Breast-can­cer war­riors

Why my mum is the ultimate role model

Chat - - Contents - By Leanne Pero, 32, from south Lon­don

Star­ing up at my mum Amanda, my eyes widened with sur­prise.

She’d chopped off her lovely long dread­locks. She doesn’t look like Mum, I thought.

It was around 1996, and I was only 10 years old.

Mum, then 35, had just been di­ag­nosed with breast can­cer.

In truth, I don’t re­mem­ber much about it. Just that she had to go to hos­pi­tal, lost her sig­na­ture hairdo.

De­spite be­ing a sin­gle mum of seven, Mum made sure our lives car­ried on as nor­mal. She jug­gled chemo­ther­apy and surgery with the school run and su­per­mar­ket trips.

She had a sin­gle mas­tec­tomy – and, thank­fully, the treat­ment was a suc­cess.

We soon had our happy, healthy Mum back.

I went on to set up my own dance school, The Move­ment Fac­tory, at just 15.

Only, in Fe­bru­ary 2016, I was still liv­ing with Mum when she went for a rou­tine mam­mo­gram.

‘They’ve found some­thing,’ she told me af­ter.

She looked scared as she said she needed more tests.

‘It’s prob­a­bly noth­ing,’ I re­as­sured her.

But I went with her to King’s Col­lege Hos­pi­tal, Lon­don, for moral sup­port.

Mum had another scan – and, deep down, we both knew it was go­ing to be bad news.

Even­tu­ally, she was told to come back in a week for the re­sults.

Leav­ing the hos­pi­tal, I broke down in tears.

‘Don’t worry, love,’ Mum cried. ‘What­ever it is, we’ll fight it.’

Seven days later, we were back hav­ing our worst fears con­firmed.

‘We’ve found can­cer,’ the con­sul­tant said.

It was in Mum’s re­main­ing breast – her left one.

‘But there is good news,’ she added.

They’d caught it early, and she didn’t need chemo this time.

In­stead, sur­geons would re­move her re­main­ing breast, then treat the can­cer with hormone ther­apy – a tablet just once a day.

So as Mum and I left the hos­pi­tal, we were re­lieved.

‘You’re go­ing to be fine,’ I sobbed.

Mum had the mas­tec­tomy and I looked af­ter her fol­low­ing the op.

She was quickly back on her feet.

Re­lieved, we threw ourselves back into liv­ing our lives.

Un­til, just six months on, when I was in the shower and felt some­thing in my right breast...

‘It’s huge,’ I told Mum, ter­ri­fied.

She felt the 7cm-long lump too.

‘Best to get it checked,’ she said.

Be­cause of Mum’s his­tory, my GP fast-tracked me to King’s Col­lege Hos­pi­tal.

And now it was Mum’s turn to be there to sup­port me.

I had a biopsy, mam­mo­gram and scans.

As I waited for the re­sults, friends re­as­sured me it’d be noth­ing.

They bom­barded me with sto­ries of peo­ple find­ing lumps that ended up be­ing cysts.

‘You’re too young to have breast can­cer,’ they said.

So, by the time I went for my re­sults the fol­low­ing week, I didn’t even ask Mum to come with me.

I took my best mate and younger brother in­stead.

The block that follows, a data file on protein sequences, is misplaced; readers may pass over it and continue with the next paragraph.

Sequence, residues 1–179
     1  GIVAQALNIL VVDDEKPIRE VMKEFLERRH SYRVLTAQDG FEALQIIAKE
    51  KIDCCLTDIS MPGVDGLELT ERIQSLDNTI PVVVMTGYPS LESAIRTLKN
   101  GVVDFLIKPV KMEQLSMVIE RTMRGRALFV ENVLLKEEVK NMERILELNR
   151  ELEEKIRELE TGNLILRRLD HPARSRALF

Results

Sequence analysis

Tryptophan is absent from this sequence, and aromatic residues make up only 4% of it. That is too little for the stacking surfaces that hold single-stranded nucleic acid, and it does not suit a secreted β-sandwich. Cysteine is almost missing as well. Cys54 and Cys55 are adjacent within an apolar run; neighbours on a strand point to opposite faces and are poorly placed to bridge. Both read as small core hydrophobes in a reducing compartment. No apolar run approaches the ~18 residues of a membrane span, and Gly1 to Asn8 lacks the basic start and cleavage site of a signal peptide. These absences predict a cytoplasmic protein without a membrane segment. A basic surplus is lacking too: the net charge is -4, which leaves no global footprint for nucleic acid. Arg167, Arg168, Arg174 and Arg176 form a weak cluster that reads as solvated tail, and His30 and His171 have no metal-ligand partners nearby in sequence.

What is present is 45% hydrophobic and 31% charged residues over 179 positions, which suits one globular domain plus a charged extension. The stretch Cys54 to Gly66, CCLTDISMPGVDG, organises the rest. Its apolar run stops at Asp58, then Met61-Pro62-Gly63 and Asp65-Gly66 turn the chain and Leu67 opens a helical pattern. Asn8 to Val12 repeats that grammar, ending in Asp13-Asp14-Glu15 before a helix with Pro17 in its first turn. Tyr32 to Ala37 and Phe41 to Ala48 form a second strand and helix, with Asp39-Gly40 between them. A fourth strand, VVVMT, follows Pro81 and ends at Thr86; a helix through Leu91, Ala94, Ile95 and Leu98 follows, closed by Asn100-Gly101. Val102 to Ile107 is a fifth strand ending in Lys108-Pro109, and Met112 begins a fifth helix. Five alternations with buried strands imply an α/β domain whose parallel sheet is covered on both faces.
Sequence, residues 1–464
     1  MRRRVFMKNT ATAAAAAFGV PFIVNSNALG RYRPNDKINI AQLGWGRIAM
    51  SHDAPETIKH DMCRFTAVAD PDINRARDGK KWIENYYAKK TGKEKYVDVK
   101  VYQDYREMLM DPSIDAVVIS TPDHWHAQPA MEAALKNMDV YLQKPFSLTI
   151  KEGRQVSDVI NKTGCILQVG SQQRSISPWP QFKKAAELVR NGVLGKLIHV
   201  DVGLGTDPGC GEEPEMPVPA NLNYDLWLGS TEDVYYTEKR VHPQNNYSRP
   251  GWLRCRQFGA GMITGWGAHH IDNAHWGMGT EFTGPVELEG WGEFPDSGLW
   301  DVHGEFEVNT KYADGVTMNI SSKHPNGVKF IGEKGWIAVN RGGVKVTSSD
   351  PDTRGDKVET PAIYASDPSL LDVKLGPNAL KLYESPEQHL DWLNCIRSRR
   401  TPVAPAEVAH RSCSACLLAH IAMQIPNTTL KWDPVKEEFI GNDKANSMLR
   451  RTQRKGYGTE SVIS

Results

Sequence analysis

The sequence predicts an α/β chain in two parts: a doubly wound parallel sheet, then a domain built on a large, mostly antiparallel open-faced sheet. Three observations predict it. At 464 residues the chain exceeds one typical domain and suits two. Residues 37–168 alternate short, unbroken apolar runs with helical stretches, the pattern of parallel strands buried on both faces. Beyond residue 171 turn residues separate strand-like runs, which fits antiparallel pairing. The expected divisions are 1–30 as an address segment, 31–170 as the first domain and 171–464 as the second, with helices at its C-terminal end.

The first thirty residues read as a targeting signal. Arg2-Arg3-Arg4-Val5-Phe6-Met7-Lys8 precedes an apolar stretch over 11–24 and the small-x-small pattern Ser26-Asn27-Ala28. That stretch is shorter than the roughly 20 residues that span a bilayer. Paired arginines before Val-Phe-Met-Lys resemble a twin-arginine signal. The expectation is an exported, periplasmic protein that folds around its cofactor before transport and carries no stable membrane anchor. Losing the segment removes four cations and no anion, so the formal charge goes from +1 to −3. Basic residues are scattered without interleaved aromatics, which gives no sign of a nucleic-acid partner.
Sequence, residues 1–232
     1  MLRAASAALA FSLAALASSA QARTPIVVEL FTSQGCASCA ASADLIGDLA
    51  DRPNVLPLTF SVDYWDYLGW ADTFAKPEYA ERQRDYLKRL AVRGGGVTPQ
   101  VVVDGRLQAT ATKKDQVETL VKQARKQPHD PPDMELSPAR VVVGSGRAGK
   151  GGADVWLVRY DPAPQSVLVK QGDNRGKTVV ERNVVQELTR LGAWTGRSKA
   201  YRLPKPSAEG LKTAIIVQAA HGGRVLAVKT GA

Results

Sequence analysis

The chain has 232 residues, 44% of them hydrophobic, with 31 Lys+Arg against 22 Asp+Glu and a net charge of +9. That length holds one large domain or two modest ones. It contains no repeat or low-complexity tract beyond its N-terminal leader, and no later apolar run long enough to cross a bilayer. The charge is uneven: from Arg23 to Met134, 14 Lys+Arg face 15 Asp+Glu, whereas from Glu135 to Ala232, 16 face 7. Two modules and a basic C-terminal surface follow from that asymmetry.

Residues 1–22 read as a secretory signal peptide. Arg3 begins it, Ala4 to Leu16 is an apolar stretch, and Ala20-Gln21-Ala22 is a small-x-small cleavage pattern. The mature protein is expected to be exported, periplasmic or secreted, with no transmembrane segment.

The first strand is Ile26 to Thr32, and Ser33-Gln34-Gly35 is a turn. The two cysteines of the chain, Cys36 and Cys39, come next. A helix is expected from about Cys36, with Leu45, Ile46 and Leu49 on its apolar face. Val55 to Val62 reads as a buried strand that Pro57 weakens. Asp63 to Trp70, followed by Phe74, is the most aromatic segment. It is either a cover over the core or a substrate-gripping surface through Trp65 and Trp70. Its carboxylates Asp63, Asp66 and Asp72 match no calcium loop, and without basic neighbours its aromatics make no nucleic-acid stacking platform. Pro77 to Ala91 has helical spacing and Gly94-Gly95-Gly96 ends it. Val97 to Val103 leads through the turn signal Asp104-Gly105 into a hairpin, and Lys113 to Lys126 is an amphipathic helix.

I’d con­vinced my­self that it would be good news. It wasn’t. ‘I’m not go­ing to beat around the bush,’ the con­sul­tant said.

It was the same doc­tor who’d given Mum the bad news six months ear­lier.

‘We’ve found can­cer,’ she said.

‘What?’ I gasped, shocked.

I’d just turned 31.

I was still di­gest­ing the words ‘breast can­cer’ as I was given a rush of in­for­ma­tion. I’d need more tests, an MRI scan to es­tab­lish the size and grade of my tu­mour, whether it had spread.

I’d need a mas­tec­tomy and chemo­ther­apy.

Plus, treat­ment would stop

‘I’m here for you – we are go­ing to beat this’

my pe­ri­ods for a time, could af­fect my fer­til­ity.

As I didn’t have any chil­dren, did I want to con­sider hav­ing my eggs frozen?

And be­cause of Mum’s his­tory, I should con­sider ge­netic test­ing, fur­ther surgery. This is too much, I thought. I could barely breathe, my head spun with ques­tions.

First Mum, why me, too? Am I go­ing to die? Why didn’t I set­tle down, have kids sooner?

In a daze, I man­aged to have a blood test be­fore stum­bling home and into the arms of my mum.

It was only then that I broke down in tears.

‘Don’t worry, you were there for me, now I’m here for you,’ she soothed, cud­dling me tightly. ‘We are go­ing to beat this.’

But for the next month, I couldn’t sleep, eat.

I had anx­i­ety and panic at­tacks as I thought about my bat­tle ahead.

I wanted my eggs frozen, but with the tu­mour grow­ing so fast, there was no time.

That Novem­ber, I started chemo to shrink the tu­mour.

It made me feel rub­bish. I lost my hair, eye­brows and eye­lashes, gained 2st. But Mum was my rock. ‘You’re go­ing to get through it,’ she’d say. ‘And live a won­der­ful life af­ter­wards.’

Think­ing of her, fight­ing all this when I was lit­tle while bring­ing up seven kids, kept me strong. She was a true war­rior. And I was deter­mined to be as brave as her.

Af­ter six months, and eight rounds of chemo, scans couldn’t find any can­cer left.

Weirdly, ge­netic tests showed no ev­i­dence of the BRCA breast-can­cer gene.

Still, Mum’s his­tory meant there was more chance of mine com­ing back, so doc­tors rec­om­mended a dou­ble mas­tec­tomy.

So, in June last year, I had the op at St Thomas’ Hos­pi­tal, im­me­di­ately fol­lowed by re­con­struc­tive surgery.

Af­ter los­ing my hair, pe­ri­ods, fig­ure, and ev­ery­thing that de­fined me as a wo­man, I found it re­ally tough.

But with Mum’s amaz­ing sup­port, I re­minded my­self I’d sur­vived, and noth­ing else mat­tered.

Slowly, I started to re­build my life.

Now, I feel great, and I’m deter­mined to live my life pos­i­tively – like Mum. She’s my hero. And I couldn’t have done it with­out her.

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